Personally, I found the Fellow's Cafés the most rewarding part of the conference as there was more interaction than in the panels. The best one I attended was Dana's and Paula's Café [see below]. It was a very lively discussion with lots of new research ideas. You can download the presentation here.

A much longer presentation about the same topic can be found on the Center for International Human Resource Studies (CIHRS) website, which will feature three more seminars. These virtual presentations will reflect the keynotes that would have taken place at the IHRM 2020 Conference that was to be held in Paris.

WAIB speed-mentoring session

Since a number of years the Women in AIB group organizes speed-mentoring events at the annual conference. They are described as follows:

The aim is to provide a supportive platform for junior faculty, ECRs and doctoral students to engage in one-on-one interactions with senior women academic mentors through a series of focused conversations about career-related issues. Mentees will meet with mentors in a ‘speed-dating’ format. The mentor-mentee conversation is intended to provide helpful advice on a wide range of topics to women looking for answers and insights to career-related questions and challenges they are facing.

At this AIB virtual meeting I had the pleasure of speaking with Jennet Achyldurdyyeva and Jana Bucher about their research interests and career plans. Jennet Achyldurdyyeva is studying the adjustment and coping strategies of well-educated Filipino women who have been recruited by Taiwanese MNCs to compensate for local labour shortages in the semi-conductor and consumer electronics industry. The very rich data she collected for her PhD also speaks to HR practices and the role of employment intermediaries as well as language barriers. I am sure we can expect a lot of interesting papers coming out of her PhD, with lessons for other countries struggling with an ageing workforce.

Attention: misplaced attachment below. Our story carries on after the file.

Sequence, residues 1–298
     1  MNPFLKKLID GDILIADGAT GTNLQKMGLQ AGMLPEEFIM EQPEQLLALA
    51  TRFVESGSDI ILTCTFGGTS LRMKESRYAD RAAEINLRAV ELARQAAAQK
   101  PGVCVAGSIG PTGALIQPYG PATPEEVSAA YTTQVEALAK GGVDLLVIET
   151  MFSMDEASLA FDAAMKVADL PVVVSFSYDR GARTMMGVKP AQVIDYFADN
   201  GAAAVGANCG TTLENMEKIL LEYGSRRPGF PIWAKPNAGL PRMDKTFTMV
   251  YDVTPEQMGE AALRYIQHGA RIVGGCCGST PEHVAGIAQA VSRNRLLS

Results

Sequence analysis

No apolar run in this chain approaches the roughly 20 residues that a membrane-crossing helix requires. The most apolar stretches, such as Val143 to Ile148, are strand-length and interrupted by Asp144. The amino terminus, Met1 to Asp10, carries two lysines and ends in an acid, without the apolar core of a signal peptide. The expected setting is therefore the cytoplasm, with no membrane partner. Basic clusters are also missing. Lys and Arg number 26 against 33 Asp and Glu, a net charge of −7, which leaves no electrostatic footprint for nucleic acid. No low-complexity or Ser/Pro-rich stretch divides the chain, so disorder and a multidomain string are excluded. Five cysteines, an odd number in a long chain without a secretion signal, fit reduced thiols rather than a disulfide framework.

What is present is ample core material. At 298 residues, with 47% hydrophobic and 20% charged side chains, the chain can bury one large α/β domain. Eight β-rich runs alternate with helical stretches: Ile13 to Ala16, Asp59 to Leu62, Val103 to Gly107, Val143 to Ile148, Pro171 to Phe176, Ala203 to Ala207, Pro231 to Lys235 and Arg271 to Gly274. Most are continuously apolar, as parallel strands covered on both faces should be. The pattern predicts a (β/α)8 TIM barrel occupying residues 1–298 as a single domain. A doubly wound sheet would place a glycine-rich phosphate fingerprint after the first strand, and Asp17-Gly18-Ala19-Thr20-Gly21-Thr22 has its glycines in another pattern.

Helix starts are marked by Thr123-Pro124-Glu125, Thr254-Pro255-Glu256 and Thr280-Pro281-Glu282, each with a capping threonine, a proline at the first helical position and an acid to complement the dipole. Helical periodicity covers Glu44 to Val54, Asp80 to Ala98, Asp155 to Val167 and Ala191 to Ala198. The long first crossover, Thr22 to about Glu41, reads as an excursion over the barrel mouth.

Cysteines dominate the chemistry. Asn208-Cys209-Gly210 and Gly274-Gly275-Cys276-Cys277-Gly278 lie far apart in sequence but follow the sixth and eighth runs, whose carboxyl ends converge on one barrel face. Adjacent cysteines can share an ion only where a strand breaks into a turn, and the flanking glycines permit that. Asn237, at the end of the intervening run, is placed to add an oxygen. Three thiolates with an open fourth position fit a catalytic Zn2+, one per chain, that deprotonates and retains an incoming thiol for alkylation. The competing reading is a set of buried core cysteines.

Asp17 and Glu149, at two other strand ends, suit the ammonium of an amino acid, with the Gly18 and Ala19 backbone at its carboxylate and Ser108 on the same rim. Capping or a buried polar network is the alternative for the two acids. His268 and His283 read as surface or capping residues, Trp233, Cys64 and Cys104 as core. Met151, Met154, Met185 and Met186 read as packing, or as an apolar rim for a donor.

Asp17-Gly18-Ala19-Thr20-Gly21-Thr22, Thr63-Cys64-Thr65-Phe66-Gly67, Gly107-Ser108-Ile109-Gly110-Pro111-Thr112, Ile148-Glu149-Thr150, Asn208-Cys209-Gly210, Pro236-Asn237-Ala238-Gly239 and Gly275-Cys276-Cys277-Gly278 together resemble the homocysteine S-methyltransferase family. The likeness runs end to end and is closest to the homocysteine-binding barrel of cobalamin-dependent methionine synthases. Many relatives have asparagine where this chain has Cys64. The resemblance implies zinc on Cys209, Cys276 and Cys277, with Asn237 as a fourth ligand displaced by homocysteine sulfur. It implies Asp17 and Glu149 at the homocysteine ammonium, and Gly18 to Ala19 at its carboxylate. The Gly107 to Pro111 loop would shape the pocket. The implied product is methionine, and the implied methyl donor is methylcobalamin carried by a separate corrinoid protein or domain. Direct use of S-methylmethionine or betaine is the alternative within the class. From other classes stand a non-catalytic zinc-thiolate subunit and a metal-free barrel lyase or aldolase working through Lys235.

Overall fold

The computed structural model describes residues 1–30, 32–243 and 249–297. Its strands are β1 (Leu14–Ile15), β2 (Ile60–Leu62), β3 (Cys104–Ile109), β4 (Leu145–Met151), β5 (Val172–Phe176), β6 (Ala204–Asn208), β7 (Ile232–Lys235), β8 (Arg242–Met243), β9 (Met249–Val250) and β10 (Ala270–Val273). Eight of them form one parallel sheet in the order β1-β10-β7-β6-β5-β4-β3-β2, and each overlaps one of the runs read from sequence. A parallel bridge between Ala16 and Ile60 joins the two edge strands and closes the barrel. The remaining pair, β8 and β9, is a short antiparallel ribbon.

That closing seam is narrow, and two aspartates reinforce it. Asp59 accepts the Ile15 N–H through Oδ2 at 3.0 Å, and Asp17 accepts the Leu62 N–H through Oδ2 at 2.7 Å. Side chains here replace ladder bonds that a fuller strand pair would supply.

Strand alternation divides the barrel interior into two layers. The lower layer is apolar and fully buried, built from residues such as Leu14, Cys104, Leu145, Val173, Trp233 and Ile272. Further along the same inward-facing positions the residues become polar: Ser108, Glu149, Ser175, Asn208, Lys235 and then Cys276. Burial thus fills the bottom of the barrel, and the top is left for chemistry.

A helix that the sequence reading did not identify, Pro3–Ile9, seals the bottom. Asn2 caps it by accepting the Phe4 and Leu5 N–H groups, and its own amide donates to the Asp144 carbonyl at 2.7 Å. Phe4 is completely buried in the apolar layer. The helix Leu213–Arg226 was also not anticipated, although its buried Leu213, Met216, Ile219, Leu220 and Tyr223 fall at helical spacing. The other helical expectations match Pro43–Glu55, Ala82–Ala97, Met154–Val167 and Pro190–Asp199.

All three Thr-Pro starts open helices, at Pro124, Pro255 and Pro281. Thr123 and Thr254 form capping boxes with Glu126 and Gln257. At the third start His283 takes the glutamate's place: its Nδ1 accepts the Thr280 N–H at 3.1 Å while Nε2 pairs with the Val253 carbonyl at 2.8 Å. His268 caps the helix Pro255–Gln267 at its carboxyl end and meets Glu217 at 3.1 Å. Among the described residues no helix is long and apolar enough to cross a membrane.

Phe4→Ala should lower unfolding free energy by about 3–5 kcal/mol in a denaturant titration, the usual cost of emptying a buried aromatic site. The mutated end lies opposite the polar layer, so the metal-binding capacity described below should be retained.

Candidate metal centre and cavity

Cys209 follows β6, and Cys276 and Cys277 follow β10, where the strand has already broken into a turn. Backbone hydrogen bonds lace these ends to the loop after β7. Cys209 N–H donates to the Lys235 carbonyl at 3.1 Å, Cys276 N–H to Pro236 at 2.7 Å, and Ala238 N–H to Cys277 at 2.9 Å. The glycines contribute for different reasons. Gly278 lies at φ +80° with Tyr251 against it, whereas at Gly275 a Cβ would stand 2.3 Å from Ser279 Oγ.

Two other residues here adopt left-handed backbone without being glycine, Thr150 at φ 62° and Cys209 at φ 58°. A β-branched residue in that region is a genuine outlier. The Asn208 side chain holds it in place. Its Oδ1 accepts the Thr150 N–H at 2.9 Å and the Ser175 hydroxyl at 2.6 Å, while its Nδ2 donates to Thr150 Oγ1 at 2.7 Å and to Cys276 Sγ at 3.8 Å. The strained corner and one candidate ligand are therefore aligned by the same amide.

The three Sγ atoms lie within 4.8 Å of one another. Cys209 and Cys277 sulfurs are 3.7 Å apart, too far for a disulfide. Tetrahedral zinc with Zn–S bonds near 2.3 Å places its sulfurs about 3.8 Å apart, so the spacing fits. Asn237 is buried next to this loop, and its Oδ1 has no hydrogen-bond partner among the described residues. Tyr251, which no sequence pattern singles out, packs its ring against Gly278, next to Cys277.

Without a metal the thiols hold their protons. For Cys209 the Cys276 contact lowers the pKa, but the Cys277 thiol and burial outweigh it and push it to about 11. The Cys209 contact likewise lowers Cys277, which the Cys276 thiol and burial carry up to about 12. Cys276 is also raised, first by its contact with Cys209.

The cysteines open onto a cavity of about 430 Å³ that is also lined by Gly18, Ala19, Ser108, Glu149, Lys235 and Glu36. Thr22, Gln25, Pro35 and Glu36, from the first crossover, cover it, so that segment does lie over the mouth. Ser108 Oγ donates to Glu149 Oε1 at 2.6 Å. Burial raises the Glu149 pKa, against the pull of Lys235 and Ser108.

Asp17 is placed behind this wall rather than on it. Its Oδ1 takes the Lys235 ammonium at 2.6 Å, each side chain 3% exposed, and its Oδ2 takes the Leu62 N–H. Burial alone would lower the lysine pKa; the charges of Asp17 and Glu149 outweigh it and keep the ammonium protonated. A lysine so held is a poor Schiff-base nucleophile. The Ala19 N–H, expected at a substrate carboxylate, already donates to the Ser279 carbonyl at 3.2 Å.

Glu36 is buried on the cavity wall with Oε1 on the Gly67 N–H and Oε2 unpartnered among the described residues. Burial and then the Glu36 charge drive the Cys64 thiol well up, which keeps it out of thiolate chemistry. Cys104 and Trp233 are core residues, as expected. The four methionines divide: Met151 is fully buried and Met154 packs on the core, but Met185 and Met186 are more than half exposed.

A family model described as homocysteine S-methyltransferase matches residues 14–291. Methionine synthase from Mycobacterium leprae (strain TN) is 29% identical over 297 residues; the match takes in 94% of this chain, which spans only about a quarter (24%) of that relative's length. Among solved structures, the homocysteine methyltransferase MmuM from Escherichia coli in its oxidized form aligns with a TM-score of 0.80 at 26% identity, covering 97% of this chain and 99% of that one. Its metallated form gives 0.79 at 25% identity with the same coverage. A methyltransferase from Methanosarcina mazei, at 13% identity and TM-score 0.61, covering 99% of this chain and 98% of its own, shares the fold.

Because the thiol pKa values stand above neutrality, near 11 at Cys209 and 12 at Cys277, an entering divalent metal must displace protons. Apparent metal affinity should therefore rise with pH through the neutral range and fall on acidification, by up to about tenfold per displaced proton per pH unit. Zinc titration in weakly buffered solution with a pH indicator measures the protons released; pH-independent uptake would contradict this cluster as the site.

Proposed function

Jana Bucher has published about repatriate knowledge transfer in IJHRM and is currently finishing up her PhD on the very timely topic of virtual assignments and their role in interpersonal knowledge transfer. She presented a very interesting paper Digitalization and Cross-Border Knowledge Transfer at the AIB conference. It generated a lot of interest in the Discussion Forum, including an invitation to submit to a special issue of JIBS! For next year, Jana is looking for a job in the California area ;-). She is equally passionate about research and teaching and from my brief conversation with her, I am sure she will perform excellently on both.

Female AIB fellows panels

24 percent of the active AIB Fellows are women; they represent less than 1% of all AIB members. Eleanor Westney and Lorraine Eden had therefore planned a Female AIB Fellows panel for the AIB Miami meeting to tell the "Hidden Stories" behind their career successes. With the conference turning virtual, they decided to ensure that all Female Fellows (26 in total!) could participate. Lorraine did a brilliant job organizing us all, resulting in four panels in different time-zones.

As I could not make my allocated panel, I recorded a short 5-minute video to tell my story. You can just about see my CYGNA pin in the video. If you want to know more about CYGNA, see: Celebrating CYGNA: Supporting women in academia.